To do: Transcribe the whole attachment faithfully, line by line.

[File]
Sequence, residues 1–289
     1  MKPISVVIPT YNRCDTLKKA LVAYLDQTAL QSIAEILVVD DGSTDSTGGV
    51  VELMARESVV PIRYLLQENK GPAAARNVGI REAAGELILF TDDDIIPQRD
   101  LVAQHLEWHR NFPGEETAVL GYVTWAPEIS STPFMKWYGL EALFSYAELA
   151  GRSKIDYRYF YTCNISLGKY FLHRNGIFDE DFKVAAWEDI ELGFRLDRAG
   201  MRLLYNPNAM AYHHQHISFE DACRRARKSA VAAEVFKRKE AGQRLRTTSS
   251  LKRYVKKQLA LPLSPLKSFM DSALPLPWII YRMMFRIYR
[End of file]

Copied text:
Sequence, residues 1–289
     1  MKPISVVIPT YNRCDTLKKA LVAYLDQTAL QSIAEILVVD DGSTDSTGGV
    51  VELMARESVV PIRYLLQENK GPAAARNVGI REAAGELILF TDDDIIPQRD
   101  LVAQHLEWHR NFPGEETAVL GYVTWAPEIS STPFMKWYGL EALFSYAELA
   151  GRSKIDYRYF YTCNISLGKY FLHRNGIFDE DFKVAAWEDI ELGFRLDRAG
   201  MRLLYNPNAM AYHHQHISFE DACRRARKSA VAAEVFKRKE AGQRLRTTSS
   251  LKRYVKKQLA LPLSPLKSFM DSALPLPWII YRMMFRIYR